22 Aug 2023 11:18 AM GMT
The Centre informed the Supreme Court on Tuesday that it has filed an application for the withdrawal of its oral undertaking given in November 2022 promising to maintain status quo on the commercial cultivation of genetically modified mustard. The undertaking was made before a bench headed by Justice Dinesh Maheshwari, who has since retired. Today, a bench of Justices BV Nagarathna...
The Centre informed the Supreme Court on Tuesday that it has filed an application for the withdrawal of its oral undertaking given in November 2022 promising to maintain status quo on the commercial cultivation of genetically modified mustard. The undertaking was made before a bench headed by Justice Dinesh Maheshwari, who has since retired.
Today, a bench of Justices BV Nagarathna and Ujjal Bhuyan was apprised by the central government of its application, in which it has sought to be discharged from its earlier undertaking saying that it would not take any precipitative steps for the environmental release of the genetically modified crop. The Centre has now contended that Additional Solicitor General Aishwarya Bhati had only given her word in November since the matter had been posted for final hearing in the following week and the sowing cycle was months away. Even though the statement made at the Bar by the law officer was not recorded in the order, it has been honoured by the government, the application has also mentioned.
Since the arguments could not be completed due to the retirement of Justice Maheshwari in May and the subsequent reassignment of the part-heard matter, the Centre has argued that the oral undertaking was only made in the specific context of the matter being listed for a final hearing in the following week. This was also not intended to halt the entire process of research or testing under the conditional approval granted by the Government of India for an extended period of time.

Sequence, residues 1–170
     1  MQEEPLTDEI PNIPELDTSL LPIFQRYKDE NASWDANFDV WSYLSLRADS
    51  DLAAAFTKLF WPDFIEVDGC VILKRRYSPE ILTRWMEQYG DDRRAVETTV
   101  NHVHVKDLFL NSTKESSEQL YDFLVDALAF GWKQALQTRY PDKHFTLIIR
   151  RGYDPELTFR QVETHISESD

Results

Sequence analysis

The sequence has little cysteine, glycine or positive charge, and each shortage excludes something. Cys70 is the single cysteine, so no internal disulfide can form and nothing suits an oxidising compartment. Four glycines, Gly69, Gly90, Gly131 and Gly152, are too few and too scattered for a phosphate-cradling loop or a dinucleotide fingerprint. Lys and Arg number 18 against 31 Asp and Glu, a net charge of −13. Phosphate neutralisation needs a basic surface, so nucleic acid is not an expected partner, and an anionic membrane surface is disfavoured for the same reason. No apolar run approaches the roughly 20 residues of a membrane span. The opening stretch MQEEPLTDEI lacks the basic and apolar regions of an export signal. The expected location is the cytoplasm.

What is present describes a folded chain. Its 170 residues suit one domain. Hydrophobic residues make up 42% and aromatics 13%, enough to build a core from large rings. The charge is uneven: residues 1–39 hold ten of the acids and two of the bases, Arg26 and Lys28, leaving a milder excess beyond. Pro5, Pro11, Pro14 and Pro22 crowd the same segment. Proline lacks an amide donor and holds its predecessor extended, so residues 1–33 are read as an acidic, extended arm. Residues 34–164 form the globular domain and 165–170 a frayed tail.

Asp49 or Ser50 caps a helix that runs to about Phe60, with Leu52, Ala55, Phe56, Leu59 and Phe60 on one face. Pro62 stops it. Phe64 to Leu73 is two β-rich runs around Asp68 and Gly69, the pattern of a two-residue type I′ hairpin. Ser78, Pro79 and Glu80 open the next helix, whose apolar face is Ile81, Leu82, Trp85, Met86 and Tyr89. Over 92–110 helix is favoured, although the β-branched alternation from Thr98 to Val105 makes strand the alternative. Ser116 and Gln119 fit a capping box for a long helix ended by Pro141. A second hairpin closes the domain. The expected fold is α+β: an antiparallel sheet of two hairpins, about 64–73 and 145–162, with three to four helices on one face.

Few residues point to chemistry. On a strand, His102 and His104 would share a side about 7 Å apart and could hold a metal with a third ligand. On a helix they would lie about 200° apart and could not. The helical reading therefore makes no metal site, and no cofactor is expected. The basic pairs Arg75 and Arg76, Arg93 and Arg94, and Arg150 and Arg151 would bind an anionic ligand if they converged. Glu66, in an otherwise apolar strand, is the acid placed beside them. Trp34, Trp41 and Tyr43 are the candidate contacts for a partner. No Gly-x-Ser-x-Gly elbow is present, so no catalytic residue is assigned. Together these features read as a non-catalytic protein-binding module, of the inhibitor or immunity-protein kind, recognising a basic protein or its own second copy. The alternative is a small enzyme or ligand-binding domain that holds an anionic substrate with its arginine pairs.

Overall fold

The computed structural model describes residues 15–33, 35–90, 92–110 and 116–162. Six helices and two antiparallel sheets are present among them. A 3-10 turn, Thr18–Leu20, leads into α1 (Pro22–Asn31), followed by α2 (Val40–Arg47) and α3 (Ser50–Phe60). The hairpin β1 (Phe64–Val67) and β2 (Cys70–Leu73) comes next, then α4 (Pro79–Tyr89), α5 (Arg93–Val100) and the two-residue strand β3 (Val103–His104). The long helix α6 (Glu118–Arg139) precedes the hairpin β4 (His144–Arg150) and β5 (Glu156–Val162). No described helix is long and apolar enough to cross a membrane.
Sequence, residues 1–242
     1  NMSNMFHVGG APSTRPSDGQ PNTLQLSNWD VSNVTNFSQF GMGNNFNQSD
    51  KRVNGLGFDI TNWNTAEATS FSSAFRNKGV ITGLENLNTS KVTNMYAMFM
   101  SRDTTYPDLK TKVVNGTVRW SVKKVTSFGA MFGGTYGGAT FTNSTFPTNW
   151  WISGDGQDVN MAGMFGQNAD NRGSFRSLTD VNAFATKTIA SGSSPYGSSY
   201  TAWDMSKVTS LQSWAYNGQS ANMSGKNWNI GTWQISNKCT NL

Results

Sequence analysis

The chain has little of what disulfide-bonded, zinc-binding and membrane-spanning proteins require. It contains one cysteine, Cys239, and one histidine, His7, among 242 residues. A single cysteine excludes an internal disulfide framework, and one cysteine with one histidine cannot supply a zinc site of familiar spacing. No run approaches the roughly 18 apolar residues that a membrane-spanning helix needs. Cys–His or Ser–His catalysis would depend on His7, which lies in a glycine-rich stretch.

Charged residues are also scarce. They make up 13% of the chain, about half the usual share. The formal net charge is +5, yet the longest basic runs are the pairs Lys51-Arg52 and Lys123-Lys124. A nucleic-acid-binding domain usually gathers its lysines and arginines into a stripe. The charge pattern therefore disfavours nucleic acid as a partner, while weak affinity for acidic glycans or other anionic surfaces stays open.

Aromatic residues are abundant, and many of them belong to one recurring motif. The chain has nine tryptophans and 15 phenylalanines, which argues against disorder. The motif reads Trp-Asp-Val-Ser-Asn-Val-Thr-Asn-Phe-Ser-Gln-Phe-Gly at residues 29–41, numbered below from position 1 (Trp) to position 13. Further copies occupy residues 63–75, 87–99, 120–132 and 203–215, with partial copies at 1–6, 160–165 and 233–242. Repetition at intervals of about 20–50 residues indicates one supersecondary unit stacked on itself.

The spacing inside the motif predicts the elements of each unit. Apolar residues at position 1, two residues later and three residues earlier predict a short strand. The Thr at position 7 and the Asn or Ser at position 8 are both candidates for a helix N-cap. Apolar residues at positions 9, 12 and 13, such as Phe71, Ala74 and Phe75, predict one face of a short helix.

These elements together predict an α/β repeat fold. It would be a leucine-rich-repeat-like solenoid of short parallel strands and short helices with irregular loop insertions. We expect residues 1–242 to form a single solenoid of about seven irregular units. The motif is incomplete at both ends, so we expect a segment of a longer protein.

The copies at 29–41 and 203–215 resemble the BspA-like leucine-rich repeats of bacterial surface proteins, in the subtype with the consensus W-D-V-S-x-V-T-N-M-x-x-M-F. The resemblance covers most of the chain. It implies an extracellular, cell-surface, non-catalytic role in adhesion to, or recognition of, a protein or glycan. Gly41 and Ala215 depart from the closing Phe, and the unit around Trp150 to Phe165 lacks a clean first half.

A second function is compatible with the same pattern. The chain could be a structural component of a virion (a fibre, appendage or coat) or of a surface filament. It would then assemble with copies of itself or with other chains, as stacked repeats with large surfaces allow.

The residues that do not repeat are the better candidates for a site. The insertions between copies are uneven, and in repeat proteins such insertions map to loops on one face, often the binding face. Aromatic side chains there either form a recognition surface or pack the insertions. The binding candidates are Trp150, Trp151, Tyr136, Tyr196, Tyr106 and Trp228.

Mustard, the applicant has emphasised, is the most important edible oil and seed meal crop of India, meeting nearly 55-60 per cent of the country's edible oil demand through imports. Citing the importance of releasing genetically modified mustard with a view to ensuring India's future food security, the government has sought permission for the process to continue and arrive at its conclusion unfettered, especially in light of the upcoming sowing season in the months of September and October -
"Indigenous development of transgenic varieties through the male sterility or restorer system is a critical element in ensuring India's future food security as this technology will be utilised to produce new hybrids with higher yields in future, thereby increasing agricultural output and farmer income. The huge policy implications involved deserve early resolution. In the meanwhile, the process sanctioned under the conditional approval dated October 2022 must continue and arrive at its conclusions...The second growing season under the conditional approval granted by the Government of India is also approaching in the months of September and October of 2023. Therefore, it is most respectfully submitted that this court may consider discharging the Union of India from the oral statement made on November 3 which was made in a specific context for a limited purpose at the relevant time as explained."